Emergency reserves being used to pay lottery grants
GRANTS to local charities are being funded from emergency reserves this year because the States are still in the process of reorganising how Channel Islands Lottery profits should be distributed.
A CONTRACTOR from the UK who threw a pint glass at a man’s head on the dancefloor of a St Helier nightclub has been sentenced to nine months in prison.
Albie Thurkle (24) appeared in the Magistrate’s Court on Tuesday, after pleading guilty to grave and criminal assault.
Centenier Tony Batho, outlining the case, told the court how, on 30 March, Thurkle had attended the Gin and Beer Festival with three colleagues. At 10pm, they left and went to Tanguy’s, where the group bought a round of drinks.
However, Mr Batho explained how one of Thurkle’s friends repeatedly bumped into the victim and spilt his pint on him – causing the victim to push his friend away. A fight between the two men then ensued.
After watching briefly, Thurkle was then said to have thrown a glass at the head of the victim before putting him into a headlock and pulling him to the ground, where he held him for around 25 seconds. The victim was left with cuts to his ear, neck and face.
The defendant was initially stopped by police officers, as he was covered in blood, but told officers that he had tried to intervene in a fight and was allowed on his way.
However, after officers reviewed CCTV footage, a ‘lookout’ was issued for Thurkle and he was arrested in First Tower during the early hours of the following day.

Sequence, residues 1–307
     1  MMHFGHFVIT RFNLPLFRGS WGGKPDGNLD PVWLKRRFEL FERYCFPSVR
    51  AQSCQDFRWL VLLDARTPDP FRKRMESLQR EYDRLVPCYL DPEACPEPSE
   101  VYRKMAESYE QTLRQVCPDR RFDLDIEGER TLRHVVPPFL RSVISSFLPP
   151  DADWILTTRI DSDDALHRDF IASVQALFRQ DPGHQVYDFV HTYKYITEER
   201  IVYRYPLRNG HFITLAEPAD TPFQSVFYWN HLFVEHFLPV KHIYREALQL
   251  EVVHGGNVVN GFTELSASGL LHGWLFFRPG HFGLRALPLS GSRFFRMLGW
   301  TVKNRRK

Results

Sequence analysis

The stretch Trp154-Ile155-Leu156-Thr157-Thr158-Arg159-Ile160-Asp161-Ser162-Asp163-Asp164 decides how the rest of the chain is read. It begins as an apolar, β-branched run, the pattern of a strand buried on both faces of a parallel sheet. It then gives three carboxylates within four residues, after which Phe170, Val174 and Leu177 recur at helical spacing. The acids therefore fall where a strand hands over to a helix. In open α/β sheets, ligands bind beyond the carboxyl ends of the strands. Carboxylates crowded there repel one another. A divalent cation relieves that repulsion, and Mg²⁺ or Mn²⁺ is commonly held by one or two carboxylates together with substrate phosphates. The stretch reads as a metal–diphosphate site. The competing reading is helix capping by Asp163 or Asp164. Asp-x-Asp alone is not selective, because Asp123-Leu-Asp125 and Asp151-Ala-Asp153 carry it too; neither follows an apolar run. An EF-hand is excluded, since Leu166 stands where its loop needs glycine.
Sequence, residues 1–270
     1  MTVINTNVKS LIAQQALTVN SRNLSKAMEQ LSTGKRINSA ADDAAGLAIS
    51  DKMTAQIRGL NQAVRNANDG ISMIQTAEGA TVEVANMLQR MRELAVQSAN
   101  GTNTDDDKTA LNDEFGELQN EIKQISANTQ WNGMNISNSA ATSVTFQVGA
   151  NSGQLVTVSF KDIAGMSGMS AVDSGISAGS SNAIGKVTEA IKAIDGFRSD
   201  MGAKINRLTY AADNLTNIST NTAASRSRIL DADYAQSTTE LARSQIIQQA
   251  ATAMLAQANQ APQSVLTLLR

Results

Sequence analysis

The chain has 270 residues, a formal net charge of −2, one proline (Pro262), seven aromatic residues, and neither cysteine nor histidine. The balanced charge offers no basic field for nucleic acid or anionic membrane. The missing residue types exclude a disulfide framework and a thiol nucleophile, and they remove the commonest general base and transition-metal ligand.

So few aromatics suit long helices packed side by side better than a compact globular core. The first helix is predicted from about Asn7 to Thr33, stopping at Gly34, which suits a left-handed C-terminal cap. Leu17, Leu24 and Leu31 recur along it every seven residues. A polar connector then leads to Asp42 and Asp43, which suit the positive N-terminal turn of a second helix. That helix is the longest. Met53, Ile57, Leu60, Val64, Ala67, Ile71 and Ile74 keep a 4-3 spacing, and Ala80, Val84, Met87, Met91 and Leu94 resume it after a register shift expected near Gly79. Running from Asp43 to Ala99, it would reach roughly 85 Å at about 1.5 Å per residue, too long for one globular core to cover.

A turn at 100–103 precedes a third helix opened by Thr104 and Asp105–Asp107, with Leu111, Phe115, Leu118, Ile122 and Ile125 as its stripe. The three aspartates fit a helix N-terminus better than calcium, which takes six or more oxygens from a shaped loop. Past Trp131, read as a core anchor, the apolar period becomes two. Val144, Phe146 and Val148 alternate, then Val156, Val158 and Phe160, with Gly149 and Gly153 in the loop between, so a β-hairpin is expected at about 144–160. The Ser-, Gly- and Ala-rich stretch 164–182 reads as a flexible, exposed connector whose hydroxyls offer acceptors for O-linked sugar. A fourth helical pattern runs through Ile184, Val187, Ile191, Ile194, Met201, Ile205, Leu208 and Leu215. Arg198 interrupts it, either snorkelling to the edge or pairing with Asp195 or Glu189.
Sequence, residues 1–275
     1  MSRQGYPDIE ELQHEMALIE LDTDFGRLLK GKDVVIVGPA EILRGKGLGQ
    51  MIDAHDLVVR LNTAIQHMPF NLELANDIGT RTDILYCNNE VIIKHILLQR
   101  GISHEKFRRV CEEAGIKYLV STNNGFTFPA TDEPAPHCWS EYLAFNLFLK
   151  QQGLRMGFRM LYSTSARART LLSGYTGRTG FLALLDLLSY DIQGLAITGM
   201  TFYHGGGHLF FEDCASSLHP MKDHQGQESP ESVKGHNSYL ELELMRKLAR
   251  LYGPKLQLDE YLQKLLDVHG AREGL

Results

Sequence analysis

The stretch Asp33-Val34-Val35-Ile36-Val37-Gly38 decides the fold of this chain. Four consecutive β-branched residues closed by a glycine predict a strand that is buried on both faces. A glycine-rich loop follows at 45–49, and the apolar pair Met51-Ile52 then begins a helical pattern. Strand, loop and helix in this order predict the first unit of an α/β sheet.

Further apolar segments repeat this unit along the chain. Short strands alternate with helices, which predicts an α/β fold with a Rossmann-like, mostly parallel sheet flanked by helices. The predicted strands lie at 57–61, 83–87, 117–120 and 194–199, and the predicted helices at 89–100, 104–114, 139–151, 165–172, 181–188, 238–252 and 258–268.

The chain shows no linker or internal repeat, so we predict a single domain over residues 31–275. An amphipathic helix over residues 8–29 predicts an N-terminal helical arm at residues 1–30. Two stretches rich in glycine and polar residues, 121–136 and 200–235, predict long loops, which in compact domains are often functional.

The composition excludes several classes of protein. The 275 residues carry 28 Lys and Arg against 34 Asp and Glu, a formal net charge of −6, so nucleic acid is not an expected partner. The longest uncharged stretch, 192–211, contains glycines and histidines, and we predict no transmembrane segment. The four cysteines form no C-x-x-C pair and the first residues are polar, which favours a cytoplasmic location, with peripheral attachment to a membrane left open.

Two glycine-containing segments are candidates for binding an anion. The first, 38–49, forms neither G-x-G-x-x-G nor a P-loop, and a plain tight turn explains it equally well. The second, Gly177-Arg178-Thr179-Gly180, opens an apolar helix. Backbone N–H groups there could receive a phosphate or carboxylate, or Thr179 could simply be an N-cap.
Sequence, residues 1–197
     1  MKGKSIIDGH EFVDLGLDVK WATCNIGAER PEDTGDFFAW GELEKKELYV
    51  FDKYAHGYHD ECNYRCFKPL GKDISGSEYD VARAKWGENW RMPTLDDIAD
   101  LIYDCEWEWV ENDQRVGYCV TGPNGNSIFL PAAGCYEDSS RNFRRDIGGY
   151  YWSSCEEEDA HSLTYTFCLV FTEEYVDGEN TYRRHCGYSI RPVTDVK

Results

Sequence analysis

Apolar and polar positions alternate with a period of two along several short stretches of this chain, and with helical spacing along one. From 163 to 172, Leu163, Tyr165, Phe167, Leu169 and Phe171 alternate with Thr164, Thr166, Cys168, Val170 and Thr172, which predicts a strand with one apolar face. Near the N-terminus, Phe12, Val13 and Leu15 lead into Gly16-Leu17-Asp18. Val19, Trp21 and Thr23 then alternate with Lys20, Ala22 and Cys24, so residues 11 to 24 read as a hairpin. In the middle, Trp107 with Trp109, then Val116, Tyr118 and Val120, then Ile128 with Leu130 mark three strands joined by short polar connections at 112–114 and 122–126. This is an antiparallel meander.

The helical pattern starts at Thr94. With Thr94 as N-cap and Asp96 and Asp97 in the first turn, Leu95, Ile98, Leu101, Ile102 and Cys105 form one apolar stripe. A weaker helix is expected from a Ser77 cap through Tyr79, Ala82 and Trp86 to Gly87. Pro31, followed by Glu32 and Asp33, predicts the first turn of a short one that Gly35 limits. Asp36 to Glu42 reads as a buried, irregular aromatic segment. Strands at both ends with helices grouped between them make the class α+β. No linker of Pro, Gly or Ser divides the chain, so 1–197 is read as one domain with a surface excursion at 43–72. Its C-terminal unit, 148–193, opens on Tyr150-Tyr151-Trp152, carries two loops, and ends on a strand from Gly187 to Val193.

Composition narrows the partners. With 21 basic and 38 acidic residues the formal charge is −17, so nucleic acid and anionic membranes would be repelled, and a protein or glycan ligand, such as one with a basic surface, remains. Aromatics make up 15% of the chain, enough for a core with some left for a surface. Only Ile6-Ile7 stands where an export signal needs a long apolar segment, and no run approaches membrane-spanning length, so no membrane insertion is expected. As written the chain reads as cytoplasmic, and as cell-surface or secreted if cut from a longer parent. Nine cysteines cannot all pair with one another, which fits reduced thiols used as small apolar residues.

Advocate Sarah Dale, defending, called for the court to impose a term of community service, adding that he had admitted the offence in full straight away during interview, in which it was clear that he felt ‘embarrassed and ashamed’.
‘My client is not someone who expresses emotion easily and told officers he was mortified and ashamed when shown the CCTV footage. The police report notes that he was clearly upset by his actions,’ she said.
‘He had written a letter of apology to the victim, through the prosecution, and he is a man of good character with no previous offences. A social-inquiry report has also classed him at “very low” risk of reoffending, which is quite a rare category.
‘He has spent 17 days in custody and since then has had very stringent bail conditions while he has been living in a hotel. Because of his curfew, it has meant he has essentially been stuck in his bedroom, which has placed a significant restriction on his liberty and he has not been able to leave Island to visit his fiancée.’
In sentencing, Relief Magistrate Nuno Santos-Costa told the court that it had been a very difficult case to preside over.
‘I appreciate that this was a moment of madness, fuelled by alcohol, but that cannot be considered mitigation. The problem is that the court has continually stated that its policy with glassing is custodial and I cannot deviate from that,’ he said.
‘This was not an accident and you threw the glass at his head and it hit his head – you are lucky it did not shatter or it could have caused more serious injury.
‘I therefore sentence you to nine months in prison – it is with a heavy heart that I do so but that is the policy of the court.’